1. Give me blood and I will give you freedom.
  2. Be industrious and you will succeed in life.

I am reading a grammar book in which the clause Give me blood in the first sentence is classified as a sub-ordinate(adverbial) clause. The reason given is that this clause implies a condition. If that be the case, the first sentence has to be a complex sentence(not explicitly mentioned in the book) .

But in the same book, the second sentence is classified as a compound sentence. This implies that the clause Be industrious has to be a co-ordinate clause; this to me, is contradictory to the reasoning made for the first sentence.

Is the book correctly classifying these two sentences? Both these sentences and both the aforementioned clauses seem similar to me. Are there any subtle differences between them I am unaware of?


2 Answers 2


[1] Give me blood and I will give you freedom.

[2] Be industrious and you will succeed in life.

Constructions like these do not have the form or literal meaning of conditionals, but they serve indirectly to convey a conditional meaning. The first clause in each example is not an adjunct (your adverbial), but a main clause and thus these are compound sentences.

In [1] there is an and coordination where the first coordinate is an imperative; it is not taken as a directive to give me blood, however, but as a conditional promise, cf. if you give me blood I will give you freedom.

In [2] the first clause is syntactically imperative, but like [1] it is pragmatically equivalent to an if phrase. Again there is an and-coordination, and the imperative is not taken as a directive but expresses a conditional assertion that being industrious will result in success in life, cf If you are industrious you will succeed in life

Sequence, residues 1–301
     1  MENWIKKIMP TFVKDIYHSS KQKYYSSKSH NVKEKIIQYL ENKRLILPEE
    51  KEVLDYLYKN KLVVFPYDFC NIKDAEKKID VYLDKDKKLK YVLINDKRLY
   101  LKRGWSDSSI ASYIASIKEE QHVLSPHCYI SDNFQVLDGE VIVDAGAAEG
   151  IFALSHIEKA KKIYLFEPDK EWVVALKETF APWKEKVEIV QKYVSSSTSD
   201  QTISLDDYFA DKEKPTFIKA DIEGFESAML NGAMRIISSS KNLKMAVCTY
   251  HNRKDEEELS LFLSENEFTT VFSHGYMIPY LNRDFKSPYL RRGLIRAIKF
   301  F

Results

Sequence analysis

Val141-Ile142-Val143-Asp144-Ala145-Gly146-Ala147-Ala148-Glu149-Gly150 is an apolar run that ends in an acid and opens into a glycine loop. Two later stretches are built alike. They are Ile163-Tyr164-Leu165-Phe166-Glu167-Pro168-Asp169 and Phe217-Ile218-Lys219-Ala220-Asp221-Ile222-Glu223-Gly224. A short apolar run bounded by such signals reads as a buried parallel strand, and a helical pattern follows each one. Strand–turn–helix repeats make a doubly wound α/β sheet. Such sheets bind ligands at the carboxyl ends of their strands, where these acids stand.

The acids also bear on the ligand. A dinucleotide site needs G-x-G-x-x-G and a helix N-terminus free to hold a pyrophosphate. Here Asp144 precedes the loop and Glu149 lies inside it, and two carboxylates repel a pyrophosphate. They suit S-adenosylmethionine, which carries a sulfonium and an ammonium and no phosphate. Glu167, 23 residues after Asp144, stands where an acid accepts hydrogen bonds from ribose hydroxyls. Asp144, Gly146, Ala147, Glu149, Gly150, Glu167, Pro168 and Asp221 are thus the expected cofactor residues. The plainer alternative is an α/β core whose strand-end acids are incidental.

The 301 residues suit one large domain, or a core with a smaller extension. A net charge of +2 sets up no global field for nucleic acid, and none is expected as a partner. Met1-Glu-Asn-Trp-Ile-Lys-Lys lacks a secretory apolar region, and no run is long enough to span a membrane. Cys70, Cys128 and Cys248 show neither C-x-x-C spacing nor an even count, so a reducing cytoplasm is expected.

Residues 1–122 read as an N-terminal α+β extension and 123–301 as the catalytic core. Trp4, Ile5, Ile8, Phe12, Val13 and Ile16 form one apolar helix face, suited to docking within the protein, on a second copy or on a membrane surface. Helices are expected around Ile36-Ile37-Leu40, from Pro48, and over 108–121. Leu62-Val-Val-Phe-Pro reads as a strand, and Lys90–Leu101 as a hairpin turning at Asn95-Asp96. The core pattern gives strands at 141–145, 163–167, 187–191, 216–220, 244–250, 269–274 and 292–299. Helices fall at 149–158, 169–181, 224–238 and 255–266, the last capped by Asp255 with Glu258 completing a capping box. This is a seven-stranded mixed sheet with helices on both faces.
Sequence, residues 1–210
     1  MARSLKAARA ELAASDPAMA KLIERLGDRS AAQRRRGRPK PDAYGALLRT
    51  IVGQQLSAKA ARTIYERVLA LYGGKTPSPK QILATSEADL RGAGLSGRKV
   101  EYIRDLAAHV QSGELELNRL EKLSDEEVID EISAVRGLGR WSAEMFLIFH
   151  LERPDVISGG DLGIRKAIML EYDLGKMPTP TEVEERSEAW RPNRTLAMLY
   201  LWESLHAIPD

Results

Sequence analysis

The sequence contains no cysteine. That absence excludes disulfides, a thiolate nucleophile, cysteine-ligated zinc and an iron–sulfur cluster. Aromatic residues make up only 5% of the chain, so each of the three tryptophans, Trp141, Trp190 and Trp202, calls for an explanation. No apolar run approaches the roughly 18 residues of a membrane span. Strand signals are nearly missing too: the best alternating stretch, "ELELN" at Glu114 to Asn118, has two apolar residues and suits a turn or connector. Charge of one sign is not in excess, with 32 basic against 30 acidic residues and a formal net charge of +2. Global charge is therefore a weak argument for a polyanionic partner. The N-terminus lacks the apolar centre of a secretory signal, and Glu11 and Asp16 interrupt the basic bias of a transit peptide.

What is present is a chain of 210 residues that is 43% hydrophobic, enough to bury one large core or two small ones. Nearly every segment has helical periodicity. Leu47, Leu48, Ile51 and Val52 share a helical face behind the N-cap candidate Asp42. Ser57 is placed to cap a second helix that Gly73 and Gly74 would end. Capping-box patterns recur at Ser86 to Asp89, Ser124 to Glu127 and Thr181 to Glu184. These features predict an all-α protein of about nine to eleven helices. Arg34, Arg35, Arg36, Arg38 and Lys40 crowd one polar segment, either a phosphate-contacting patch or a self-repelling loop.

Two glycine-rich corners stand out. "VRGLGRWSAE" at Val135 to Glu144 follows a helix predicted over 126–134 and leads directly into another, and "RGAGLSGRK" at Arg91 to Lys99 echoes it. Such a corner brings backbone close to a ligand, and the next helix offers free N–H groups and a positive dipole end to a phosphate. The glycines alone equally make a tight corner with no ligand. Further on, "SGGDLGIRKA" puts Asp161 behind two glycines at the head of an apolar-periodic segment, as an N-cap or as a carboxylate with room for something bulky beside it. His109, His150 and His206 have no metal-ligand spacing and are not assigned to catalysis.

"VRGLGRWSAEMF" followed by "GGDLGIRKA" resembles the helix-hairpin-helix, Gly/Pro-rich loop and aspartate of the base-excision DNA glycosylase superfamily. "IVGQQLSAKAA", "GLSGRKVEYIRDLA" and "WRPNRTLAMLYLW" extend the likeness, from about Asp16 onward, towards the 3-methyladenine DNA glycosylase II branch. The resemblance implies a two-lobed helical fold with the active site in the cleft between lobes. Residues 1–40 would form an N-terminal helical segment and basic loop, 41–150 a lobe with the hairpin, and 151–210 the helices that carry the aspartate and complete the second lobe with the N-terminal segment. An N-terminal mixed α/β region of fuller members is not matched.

I agree that this looks like an inconsistency.

No matter how you want to classify the sentences, they have the same grammatical structure.

Imperative clauses:

  • Give me blood.
  • Be industrious.

Independent clauses:

  • I will give you freedom.
  • You will succeed in life.

You can assume that the first clauses are implied conditionals, and therefore subordinate, but there's no reason to assume that only one of them behaves that way.

The only actual difference I can see, which doesn't change the essential analysis, is that to make the second version conditional you would also likely change the conjugation of its verb:

  • If you give me blood and, then I will give you freedom.
  • If you be are industrious and, then you will succeed at life.

Note that if you be industrious is actually grammatical, so it doesn't really have to be changed. However, that type of language isn't what most people would use in modern English.

Note, too, that once they become (or are assumed to be) conditional, they are no longer imperative.

But since both sentences have to have changes made to them anyway in order to have a conditional explicitly expressed, I don't see why changing a verb conjugation in the second sentence should make a difference.

If you're assuming an implied conditional in the one, you can also assume an implied conditional in the other.

It might be possible to interpret each sentence in two different ways (even if one of the interpretations is wrong), and it could be they are interpreting one in one way and the other in the other way. But, if so, they have not stated that.

To give only one interpretation to the first sentence and a different interpretation to the other sentence is either inconsistent or misleading.

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